hospitals, but I know how to ask questions and I know how to say, “I’m new, I do not understand.” Like today, the sedation nurse was dismissing him, and in her humorless Indian accent, she said, “You need to go to the pedi clinic now, can you get there?” I said, in my best Alabama drawl, “Well now, I’ve mastered elevator C and elevator F, can I get there on one of them?” She paused for a second and looked solemnly at me then said, “I will call someone to take you.” I did not sense confidence.
To catch up my blog readers: After we arrived at Lads to Leaders in Nashville, we got a call late Friday afternoon that our insurance had gone through quicker than expected at MD Anderson, so they wanted to move Eli’s MRI up from Thursday to Monday morning at 0745 hours. Our ear-jerk reaction is “Great”! Our brain reaction after answering the nurse with “We will work out whatever we need to work out” is, “Wait, did she say Monday as in two days from now?” So, after the kids finished their participation in Lads on Saturday, we came on home, expecting Eli
If I had driven to Houston on Sunday (and we only had Sunday to drive) I think I figured out that we would have driven 2600 miles, made three hospital stops, stayed at four hotels, and touched five states in six days. The plan at the time, according to the MDA schedule for us last Friday afternoon was for us to be gone until the next Tuesday, but now it looks like we will go home Thursday or Friday. I made arrangements for the kids and Vic. Consistency and routine is very important for their own little every day lives, so with long-term situations (can't be a party
everyday, friends and fun all the time), I try to keep their care to just a few options. It also simplifies things in their world for them.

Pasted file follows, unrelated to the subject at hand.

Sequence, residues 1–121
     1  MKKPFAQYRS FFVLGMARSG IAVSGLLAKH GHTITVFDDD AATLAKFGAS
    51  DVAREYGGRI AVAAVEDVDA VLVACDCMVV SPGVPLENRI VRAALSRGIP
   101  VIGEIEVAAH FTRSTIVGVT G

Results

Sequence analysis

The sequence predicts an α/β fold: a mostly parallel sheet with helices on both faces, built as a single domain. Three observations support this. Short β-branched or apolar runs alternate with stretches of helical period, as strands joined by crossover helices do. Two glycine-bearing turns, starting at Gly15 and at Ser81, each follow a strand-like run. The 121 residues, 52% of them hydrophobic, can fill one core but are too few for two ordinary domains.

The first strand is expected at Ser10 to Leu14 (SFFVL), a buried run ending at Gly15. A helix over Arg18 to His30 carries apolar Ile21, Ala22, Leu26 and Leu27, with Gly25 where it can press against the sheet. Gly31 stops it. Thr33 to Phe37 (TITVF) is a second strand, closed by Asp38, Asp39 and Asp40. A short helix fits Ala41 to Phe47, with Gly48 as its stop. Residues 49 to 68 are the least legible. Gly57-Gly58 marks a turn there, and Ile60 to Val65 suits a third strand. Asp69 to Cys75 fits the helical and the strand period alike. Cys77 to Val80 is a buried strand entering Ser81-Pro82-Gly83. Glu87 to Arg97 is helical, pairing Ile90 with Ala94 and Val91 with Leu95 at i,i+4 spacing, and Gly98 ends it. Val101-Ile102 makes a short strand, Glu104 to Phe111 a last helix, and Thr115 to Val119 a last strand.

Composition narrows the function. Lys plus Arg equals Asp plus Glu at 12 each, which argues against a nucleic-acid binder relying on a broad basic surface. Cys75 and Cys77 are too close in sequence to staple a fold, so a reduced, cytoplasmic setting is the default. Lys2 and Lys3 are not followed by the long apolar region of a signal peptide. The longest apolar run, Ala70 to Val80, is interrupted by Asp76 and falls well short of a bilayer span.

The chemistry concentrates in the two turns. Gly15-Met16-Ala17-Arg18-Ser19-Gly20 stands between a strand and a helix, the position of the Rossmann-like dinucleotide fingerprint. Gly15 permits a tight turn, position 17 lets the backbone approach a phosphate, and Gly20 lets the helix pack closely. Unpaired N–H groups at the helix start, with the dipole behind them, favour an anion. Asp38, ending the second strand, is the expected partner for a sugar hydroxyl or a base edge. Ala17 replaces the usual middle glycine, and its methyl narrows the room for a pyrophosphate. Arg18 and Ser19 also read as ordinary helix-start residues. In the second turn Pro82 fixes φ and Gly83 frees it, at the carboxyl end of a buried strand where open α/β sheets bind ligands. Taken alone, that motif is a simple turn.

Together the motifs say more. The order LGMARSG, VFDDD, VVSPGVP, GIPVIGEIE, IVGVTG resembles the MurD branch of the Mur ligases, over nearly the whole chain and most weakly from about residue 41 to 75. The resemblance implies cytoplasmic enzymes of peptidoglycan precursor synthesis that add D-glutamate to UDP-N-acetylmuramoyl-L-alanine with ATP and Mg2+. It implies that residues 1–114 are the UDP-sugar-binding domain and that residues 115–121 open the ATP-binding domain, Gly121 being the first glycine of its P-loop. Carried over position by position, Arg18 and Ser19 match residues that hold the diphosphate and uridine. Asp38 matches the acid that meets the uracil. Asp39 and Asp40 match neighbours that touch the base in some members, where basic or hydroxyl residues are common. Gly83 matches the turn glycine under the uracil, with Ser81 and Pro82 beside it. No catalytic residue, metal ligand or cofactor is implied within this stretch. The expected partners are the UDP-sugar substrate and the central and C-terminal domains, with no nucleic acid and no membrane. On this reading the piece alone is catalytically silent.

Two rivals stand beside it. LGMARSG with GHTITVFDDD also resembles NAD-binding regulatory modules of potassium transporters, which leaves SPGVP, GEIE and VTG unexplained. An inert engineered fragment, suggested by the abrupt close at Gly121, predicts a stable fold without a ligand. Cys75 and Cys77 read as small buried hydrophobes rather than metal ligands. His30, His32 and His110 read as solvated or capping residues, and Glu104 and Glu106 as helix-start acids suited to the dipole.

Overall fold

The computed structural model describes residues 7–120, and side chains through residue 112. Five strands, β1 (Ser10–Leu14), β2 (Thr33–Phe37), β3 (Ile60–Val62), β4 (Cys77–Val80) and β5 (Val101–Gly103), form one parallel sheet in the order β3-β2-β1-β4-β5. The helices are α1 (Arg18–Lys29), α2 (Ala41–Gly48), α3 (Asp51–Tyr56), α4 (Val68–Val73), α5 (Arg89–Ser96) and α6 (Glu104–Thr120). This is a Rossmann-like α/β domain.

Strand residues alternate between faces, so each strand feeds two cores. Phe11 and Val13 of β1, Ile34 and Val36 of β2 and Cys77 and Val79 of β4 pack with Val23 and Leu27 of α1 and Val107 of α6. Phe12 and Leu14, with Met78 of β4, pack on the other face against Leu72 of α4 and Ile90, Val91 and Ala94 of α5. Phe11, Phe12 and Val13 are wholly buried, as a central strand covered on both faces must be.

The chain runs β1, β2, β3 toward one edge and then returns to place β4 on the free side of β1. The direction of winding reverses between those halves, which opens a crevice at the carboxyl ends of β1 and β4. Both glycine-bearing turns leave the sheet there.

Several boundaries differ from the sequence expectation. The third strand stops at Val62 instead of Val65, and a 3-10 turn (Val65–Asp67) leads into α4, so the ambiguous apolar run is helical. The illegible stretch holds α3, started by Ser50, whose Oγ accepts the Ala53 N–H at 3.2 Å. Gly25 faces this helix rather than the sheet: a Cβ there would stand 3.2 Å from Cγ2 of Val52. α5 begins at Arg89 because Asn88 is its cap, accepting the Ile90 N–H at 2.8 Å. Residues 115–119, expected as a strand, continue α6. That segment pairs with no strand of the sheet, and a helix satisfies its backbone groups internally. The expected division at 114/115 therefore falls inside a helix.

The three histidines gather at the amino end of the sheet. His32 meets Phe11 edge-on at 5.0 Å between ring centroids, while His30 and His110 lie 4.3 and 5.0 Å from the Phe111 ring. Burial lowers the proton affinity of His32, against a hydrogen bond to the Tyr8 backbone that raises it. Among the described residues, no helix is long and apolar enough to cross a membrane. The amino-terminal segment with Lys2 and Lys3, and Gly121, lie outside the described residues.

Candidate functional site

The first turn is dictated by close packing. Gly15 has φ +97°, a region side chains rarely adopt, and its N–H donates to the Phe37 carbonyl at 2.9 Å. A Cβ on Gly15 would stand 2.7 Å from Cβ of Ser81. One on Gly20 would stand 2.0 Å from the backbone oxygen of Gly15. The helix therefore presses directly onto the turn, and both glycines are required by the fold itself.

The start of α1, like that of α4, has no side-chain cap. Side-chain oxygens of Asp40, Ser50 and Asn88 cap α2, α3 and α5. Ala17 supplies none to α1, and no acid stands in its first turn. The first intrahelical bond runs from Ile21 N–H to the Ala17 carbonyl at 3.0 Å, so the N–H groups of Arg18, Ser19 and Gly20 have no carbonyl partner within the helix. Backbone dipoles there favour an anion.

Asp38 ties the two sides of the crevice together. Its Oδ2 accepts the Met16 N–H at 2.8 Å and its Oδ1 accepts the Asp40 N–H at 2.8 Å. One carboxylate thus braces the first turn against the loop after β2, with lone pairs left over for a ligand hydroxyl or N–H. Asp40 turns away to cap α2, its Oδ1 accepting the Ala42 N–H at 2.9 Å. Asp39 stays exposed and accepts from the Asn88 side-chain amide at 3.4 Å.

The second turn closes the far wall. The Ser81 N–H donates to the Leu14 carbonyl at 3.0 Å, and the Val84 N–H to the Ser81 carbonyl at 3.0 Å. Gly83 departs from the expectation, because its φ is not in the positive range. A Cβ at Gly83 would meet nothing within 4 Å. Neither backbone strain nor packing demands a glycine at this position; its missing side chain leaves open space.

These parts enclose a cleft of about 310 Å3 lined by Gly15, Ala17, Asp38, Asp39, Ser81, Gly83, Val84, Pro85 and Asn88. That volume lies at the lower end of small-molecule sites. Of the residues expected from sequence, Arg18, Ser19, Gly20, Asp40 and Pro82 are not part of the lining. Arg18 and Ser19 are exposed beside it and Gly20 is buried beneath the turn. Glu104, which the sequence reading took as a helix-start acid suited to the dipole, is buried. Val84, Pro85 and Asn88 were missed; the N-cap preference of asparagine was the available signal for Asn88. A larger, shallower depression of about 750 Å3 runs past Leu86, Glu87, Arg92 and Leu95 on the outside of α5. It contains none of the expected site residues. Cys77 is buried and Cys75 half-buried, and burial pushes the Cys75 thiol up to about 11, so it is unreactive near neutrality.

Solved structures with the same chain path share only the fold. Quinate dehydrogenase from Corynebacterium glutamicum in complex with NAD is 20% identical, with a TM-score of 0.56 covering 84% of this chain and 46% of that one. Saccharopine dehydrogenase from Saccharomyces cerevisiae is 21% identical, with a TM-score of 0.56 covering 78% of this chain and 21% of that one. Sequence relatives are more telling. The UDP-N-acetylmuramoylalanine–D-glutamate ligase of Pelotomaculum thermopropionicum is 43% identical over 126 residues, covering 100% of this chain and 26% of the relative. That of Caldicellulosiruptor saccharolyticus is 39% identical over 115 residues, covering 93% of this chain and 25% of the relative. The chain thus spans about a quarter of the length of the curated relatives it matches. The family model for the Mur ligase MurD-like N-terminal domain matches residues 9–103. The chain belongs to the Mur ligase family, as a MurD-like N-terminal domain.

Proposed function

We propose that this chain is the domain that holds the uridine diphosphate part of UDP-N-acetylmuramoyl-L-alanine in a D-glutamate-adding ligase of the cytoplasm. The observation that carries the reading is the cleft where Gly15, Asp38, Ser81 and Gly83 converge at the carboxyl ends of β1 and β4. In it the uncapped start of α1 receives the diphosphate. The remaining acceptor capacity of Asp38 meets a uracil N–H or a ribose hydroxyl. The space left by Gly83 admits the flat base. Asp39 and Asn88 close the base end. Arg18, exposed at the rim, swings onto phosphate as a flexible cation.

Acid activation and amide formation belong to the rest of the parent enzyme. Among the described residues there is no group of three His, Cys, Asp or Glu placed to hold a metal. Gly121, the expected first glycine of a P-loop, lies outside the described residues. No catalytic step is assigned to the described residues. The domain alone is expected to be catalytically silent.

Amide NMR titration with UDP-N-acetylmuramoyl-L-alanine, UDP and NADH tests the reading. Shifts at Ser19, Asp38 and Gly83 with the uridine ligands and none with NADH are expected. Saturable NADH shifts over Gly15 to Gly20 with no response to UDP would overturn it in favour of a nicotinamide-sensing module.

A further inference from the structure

On our way home from Nashville, we were persuaded to fly to Houston for the first leg of our trip. I was just so tired, and we had to get there so fast, so we caved pretty quickly. I just prefer the independence of driving myself. But, Eli (or any of the kids) had never been to an
metal in his head. Thanks to my substitute Easter Bunny, the kids all had something better than their real East Bunny could do for them Sunday morning, so we enjoyed that time going through all of that and eating Easter Bunny cake for breakfast together.
Eli was very excited to fly on an airplane for the first time. It's been 15 years at least since I've flown. I was not so excited about flying, but was happy about cutting down our travel time. We will drive home in the rental car. The Huntsville airport is very simple, and it was super easy to go through. We weren't sure how Eli's shunt, with the metal valve, would do, but we had a medical card for it and they said none of the machines had any magnetic properties, so we went on through
We landed in Houston about 1530 hours. The plane was so tiny!! I am very claustrophobic, so I was a little worried how I would do. But I dozed and just distracted myself watching Eli play angry birds. He was so excited. He was trying so hard not to smile. I couldn't tell at first, he looked kind of funny once we first got in the air, I thought he might have started to feel bad. But he settled after he
lunch/supper at cracker barrel and headed to the medical district for our hotel. I thought I picked a hotel from across the street from where we need to go. So, up until Sunday night, everything working very smoothly.
The universe righted itself Monday morning. We ain't in Kansas or St. Jude any more! And I really could have benefited from a yellow brick road to lead me this morning, and a wizard and/or a fairy godmother - I am an equal opportunity recipient. I remember being so overwhelmed being at little LaBonhuer Children's hospital in Memphis, but was so reluctant to leave the 7th floor in January of 2012 to go to St Jude. Then, St. Jude became like home as well after we realized everything for patients is actually so small, and Eli loves to go back. Anything that can be made easy, is made easy at St. Jude.